Editorial: Middle Ireland Hammered by Lockdown
To head up the centre of Portlaoise last Saturday at noon was to show the true extent of the current Level 5 lockdown in sharp relief. Shop after shop closed and shuttered. It was the rare one that was open and trading on what should have been the busiest shopping day of the week. And what of the big multiples and chain stores? Nothing to see here. Gliding on unperturbed. Still open. For a video filmed on Saturday October 24th 2020 at Midday click here. The video paints a stark picture.
Where is the fairness and efficacy in all this? The little guy is always hammered in this country and, as ever, the Government won’t take on the big operators. This ensures the small operator is becoming increasingly unwilling to put his neck on the line and order in stock ahead of the Christmas rush. Who could blame him or her? Spend tens of thousands on stock only to be told the lockdown won’t be lifted on December 1st. After the 2020 we’ve all had the business people in our towns will be less willing to reopen especially if their banks, landlords and local councils haven’t met them halfway.
Those service providers who do open will not be able to cope with demand. Think of hairdressers for example. Even if they worked 24 hours a day the backlog won’t be cleared before Christmas. To have all the Christmas Shopping Season condensed into a three-week period flies in the face of the current demand for social distancing. It’s just another factor that doesn’t quite chime with the message the Government is supplying.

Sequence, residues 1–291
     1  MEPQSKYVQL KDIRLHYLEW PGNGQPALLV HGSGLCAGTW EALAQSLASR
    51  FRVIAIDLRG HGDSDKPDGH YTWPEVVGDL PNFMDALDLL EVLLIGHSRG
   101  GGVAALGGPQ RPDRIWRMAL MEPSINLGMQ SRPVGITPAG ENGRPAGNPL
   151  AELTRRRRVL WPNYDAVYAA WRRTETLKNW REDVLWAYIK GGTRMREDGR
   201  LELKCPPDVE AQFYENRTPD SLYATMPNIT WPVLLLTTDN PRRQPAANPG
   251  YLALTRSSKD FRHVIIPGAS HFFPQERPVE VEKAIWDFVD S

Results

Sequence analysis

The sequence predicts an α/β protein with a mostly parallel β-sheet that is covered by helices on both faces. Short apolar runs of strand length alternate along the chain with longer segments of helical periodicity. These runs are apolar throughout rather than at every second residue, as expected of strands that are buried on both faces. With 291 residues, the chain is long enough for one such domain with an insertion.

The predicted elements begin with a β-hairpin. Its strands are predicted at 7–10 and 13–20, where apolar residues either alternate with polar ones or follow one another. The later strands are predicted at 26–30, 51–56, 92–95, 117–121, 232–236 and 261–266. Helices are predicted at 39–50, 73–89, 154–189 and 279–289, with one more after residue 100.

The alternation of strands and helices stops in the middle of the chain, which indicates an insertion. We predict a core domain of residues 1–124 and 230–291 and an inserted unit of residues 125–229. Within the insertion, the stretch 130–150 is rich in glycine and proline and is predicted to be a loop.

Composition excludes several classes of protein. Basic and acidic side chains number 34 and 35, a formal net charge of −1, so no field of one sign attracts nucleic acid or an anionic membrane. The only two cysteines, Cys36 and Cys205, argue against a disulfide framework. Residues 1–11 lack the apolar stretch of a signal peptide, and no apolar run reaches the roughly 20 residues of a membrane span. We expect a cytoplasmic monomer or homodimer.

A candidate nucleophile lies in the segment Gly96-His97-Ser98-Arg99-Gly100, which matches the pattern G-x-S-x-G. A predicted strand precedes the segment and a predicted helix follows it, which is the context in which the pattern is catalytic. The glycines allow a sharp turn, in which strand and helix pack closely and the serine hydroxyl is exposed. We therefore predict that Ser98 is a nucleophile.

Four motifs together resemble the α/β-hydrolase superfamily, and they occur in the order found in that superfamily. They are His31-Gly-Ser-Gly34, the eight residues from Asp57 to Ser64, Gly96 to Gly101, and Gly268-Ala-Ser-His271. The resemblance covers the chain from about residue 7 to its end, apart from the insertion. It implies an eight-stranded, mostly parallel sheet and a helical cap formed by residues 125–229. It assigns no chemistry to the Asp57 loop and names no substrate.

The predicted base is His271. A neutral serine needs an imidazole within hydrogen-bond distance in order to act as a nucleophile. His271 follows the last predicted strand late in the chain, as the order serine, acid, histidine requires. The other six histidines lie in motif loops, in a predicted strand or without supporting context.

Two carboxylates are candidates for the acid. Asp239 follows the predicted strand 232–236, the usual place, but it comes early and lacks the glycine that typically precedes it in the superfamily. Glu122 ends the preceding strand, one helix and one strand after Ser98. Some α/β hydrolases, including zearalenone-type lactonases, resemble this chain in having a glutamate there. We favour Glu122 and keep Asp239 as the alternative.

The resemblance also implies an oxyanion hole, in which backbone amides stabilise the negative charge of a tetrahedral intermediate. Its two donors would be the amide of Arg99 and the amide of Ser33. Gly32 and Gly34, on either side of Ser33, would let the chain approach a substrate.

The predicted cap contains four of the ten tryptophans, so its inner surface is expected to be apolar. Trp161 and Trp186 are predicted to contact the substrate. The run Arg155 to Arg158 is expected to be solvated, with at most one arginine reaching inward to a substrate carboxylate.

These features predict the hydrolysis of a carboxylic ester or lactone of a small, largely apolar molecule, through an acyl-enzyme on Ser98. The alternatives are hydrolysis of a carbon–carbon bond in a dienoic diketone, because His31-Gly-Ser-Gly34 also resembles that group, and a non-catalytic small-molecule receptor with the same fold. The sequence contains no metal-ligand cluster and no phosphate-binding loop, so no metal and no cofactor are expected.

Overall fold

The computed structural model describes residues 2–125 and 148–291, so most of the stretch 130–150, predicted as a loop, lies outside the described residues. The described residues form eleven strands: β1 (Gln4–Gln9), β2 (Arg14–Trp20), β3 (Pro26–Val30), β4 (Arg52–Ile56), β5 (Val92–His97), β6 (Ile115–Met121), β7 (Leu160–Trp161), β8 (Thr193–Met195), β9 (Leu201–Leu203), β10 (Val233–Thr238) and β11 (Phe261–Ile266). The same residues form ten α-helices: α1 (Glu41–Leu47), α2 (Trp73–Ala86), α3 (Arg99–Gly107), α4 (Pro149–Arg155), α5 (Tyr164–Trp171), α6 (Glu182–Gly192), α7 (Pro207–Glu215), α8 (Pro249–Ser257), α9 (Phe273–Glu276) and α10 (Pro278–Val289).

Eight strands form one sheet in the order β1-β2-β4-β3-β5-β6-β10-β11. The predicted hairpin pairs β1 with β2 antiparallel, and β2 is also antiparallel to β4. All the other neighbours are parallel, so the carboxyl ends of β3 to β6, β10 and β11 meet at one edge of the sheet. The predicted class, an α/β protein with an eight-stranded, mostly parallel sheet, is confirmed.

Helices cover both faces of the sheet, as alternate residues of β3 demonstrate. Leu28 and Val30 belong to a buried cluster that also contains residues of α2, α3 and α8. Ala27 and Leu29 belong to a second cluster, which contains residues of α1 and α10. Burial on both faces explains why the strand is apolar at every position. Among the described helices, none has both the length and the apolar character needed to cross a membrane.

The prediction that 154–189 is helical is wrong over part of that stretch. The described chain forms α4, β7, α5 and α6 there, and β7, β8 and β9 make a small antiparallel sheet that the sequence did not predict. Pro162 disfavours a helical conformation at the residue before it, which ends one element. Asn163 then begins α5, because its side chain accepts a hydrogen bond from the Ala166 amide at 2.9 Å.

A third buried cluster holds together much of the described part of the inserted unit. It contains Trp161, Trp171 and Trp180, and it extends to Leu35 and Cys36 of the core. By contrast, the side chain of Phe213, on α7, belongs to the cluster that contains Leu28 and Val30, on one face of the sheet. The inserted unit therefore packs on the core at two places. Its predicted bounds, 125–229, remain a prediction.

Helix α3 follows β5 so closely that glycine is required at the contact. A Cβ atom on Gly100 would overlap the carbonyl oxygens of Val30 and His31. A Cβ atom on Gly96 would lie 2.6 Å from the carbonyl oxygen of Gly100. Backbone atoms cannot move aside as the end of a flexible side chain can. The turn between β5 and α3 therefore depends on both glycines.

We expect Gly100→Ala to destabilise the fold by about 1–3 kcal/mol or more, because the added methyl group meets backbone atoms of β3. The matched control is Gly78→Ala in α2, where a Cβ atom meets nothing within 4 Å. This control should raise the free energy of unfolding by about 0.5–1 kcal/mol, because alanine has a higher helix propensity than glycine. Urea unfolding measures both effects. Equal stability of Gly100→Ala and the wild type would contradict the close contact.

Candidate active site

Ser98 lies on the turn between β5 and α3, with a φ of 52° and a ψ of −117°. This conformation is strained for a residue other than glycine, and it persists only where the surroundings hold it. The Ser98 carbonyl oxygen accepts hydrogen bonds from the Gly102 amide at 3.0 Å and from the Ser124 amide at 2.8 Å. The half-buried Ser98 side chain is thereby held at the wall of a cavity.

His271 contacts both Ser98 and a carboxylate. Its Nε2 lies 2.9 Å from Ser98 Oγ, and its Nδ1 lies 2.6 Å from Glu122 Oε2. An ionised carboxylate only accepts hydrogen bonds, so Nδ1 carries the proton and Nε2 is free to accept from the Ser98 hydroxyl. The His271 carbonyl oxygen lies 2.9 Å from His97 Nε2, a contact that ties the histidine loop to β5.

Apart from the Governmental message what of their efforts to bolster the contact tracing effort? This was the HSE response to our questions earlier in the week:
“Contact tracing was scaled up over the summer with over 550 staff now working in tracing. The first 750 people are now through the interview process and over 270 newly recruited Contact Tracers have started. Following training, we expect to continue to bring in 60-70 new staff each week.”
The Sunday Times report of October 25th on the shortcomings in our Contact Tracing system (‘Tracing System off track’) made it quite clear that in the last week the “HSE found itself unable to cope.” In times of plenty Middle Ireland might well shrug off such incompetence. Not now however. With businesses closed and shuttered it is time for Official Ireland to rise to the occasion and deliver on their side of the bargain. Namely adequate fines and enforcement plus a robust and accurate contact tracing system. If it can’t do that then it’s time to get people in government who are as quick-witted, resourceful and hard-working as all those hundreds of thousands they have forced out of work.